26. LTRO a true community partnership Emergency Management provides leadership, contacts, meeting place, administrative help, too many others to list! CC of Fla: helping organize Long Term Disaster Recovery CCNWFL: Provides case management services Hammers and Hearts: Coordinating Volunteer Mission Teams and Construction/Repairs UMC of Al and W FL: providing volunteer mission teams for damaged home construction/repair United Church of Christ: Grants for Washington and Walton Counties. United way of West Florida: Fiscal Agent, donor and resource (Washington Co.) United Way of Okaloosa-Walton : Fiscal Agent, donor and resource Salvation Army supplies shower trailer, American Red Cross: support to mission teams 211 – information clearinghouse TCO Inc. – website design/hosting and support

  27. Do you know who your local, state and national partners are? Have you identified local resources for disaster recovery? A list of partners? Are you sure your partners have the capacity and the ability to respond and be part of long term recovery Do you know the difference between case workers and case managers? Have you identified local or statewide agencies who are able to do case management?

  28. LTRO Accomplishments Organized, Cooperative, Coordinated Disaster Recovery Executive Committee Established Fiscal Agent Established Case Management of Individuals Reporting Loss Repair and Construction Estimates were Completed Volunteer Mission Teams were Scheduled (challenge) Housing for Mission Teams Identified (challenge) Mapping and Data Base of Damaged Homes Created

  29. LTRO Accomplishments Cont. Catholic Charities of Northwest Florida received $10K grant for disaster recovery in Washington and Bay Counties. $5K was dedicated to repair and rebuild homes. UMC of Alabama/West Florida matched the $5K United Church of Christ also matched the $5K United Way of Northwest Fla. also matched the $5K Washington Co. LTRO with the help of Volunteer Mission Teams’ extra funding, repaired or rebuilt 42 homes to date.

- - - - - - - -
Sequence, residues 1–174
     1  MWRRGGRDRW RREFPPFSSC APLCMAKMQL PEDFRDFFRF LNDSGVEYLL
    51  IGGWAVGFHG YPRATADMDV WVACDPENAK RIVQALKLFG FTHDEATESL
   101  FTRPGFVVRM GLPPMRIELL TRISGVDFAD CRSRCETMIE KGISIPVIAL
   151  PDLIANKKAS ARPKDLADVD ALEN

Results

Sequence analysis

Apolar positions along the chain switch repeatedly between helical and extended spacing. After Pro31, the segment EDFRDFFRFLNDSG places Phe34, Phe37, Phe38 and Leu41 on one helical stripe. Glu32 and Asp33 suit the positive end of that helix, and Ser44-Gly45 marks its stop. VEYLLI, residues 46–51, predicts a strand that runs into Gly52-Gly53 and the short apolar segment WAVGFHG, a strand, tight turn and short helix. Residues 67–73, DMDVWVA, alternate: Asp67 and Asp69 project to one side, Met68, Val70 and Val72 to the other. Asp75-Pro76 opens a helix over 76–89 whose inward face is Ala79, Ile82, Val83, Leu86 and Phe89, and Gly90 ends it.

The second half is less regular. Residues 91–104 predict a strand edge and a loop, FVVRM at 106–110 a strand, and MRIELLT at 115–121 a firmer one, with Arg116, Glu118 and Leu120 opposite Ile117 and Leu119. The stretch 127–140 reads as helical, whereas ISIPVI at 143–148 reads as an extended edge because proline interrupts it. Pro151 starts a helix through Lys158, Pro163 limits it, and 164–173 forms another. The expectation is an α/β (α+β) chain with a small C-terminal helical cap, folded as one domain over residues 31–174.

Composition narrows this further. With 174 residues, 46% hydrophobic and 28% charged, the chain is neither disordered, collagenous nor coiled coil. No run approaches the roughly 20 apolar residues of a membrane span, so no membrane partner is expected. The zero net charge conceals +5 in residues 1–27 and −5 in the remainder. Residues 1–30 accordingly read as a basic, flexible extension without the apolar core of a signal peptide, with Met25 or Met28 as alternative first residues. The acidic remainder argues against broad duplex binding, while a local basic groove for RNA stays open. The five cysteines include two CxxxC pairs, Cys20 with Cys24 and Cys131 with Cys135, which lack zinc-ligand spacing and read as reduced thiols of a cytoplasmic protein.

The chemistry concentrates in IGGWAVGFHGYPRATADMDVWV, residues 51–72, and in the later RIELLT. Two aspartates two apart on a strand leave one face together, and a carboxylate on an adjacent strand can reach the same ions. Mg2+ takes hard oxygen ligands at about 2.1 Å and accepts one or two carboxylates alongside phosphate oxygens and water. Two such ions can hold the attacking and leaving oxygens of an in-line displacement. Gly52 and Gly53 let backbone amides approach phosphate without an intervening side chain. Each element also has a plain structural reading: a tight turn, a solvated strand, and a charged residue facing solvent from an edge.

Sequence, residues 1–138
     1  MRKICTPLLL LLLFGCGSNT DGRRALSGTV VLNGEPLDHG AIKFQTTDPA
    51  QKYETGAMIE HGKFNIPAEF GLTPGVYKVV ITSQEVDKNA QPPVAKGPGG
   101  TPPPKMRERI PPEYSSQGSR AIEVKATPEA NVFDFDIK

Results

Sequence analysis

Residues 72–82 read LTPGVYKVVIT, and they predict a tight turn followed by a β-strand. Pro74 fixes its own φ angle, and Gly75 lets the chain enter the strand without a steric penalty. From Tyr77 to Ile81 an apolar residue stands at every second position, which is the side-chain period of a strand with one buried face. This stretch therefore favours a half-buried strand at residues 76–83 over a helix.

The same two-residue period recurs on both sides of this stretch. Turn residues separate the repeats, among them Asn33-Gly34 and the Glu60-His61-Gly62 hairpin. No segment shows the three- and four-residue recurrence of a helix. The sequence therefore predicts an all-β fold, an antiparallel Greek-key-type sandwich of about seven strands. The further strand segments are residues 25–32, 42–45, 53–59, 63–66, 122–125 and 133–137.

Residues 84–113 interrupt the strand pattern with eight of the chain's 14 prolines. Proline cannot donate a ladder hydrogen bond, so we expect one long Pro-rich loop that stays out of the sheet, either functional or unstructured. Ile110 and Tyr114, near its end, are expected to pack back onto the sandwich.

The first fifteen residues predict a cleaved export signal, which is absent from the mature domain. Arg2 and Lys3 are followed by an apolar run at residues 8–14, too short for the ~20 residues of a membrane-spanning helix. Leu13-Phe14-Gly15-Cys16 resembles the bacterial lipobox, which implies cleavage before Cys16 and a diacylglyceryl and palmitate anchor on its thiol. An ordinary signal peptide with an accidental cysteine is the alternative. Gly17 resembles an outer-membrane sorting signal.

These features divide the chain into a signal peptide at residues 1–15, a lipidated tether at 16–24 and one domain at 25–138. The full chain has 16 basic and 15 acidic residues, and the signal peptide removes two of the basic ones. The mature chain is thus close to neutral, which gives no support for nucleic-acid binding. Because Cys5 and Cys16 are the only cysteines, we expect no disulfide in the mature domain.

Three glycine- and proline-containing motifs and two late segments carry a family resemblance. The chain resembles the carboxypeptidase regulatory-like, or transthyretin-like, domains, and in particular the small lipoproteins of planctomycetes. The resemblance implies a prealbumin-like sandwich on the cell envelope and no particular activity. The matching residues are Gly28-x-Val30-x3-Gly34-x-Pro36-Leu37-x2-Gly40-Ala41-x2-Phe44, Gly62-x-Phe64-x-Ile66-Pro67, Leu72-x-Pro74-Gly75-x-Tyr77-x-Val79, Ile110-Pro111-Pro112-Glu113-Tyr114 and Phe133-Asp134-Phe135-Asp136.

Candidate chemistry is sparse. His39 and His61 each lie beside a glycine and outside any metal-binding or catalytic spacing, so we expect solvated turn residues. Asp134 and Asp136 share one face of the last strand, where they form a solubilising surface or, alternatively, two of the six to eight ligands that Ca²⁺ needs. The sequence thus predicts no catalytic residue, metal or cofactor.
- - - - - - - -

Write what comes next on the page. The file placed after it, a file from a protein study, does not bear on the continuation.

30. LTRO time factor History of disasters shows; most LTRO’s take up to a year to actually organize, put systems and procedures in place before a single home repair is done. Washington and Walton Counties were able to identify local resources (human and financial) who were interested more in helping people than their own agenda. How long would it take to stand up a LTRO in your community? Are mechanisms in place at this time?

  31. Next Steps: Turning the LTRO into a COAD

  32. Working backwards LTRO established before COAD in response to the disaster. Speedy establishment of the LTRO became a necessity to help the community. How many LTROs are still operating? How many COADs/Local Coalitions are currently active? Who is the fiscal agent or potential fiscal agent?

  33. The LTROs have provided EMs new resources for future disaster response and recovery Identified non-profits and faith based organizations who are reliable and able to respond to community needs. A resource list of state and national relief and recovery organizations for EMs to use after future disasters Need for credentialing of ESF 15, 17, 18 Develop a response strategy to engage non-profits and faith-based organizations

  34. Other benefits of the LTRO Identified churches who are willing to house volunteers Identified other resources to house and feed volunteers Identified future partners Created new relationships in the private and non-profit sectors

  35. Keeping the LTRO alive by creating a COAD Include non-profit and faith-based organizations in exercises Engage and encourage Civic Clubs, businesses, churches etc. to join the COAD Schedule Regular meetings

  36. Thank you Washington Co EM, Lynne Abel 850-638-6203 ldorch@washingtonfl.com City of Vernon, Michelle Cook 850-866-7210 cookjamk@gmail.com Walton Co. EM, Russell Beaty 850-892-8065 bearussell@co.walton.fl.us Florida Catholic Conf., Gabe Tischler 850-443-2996 gtischler@flacathconf.org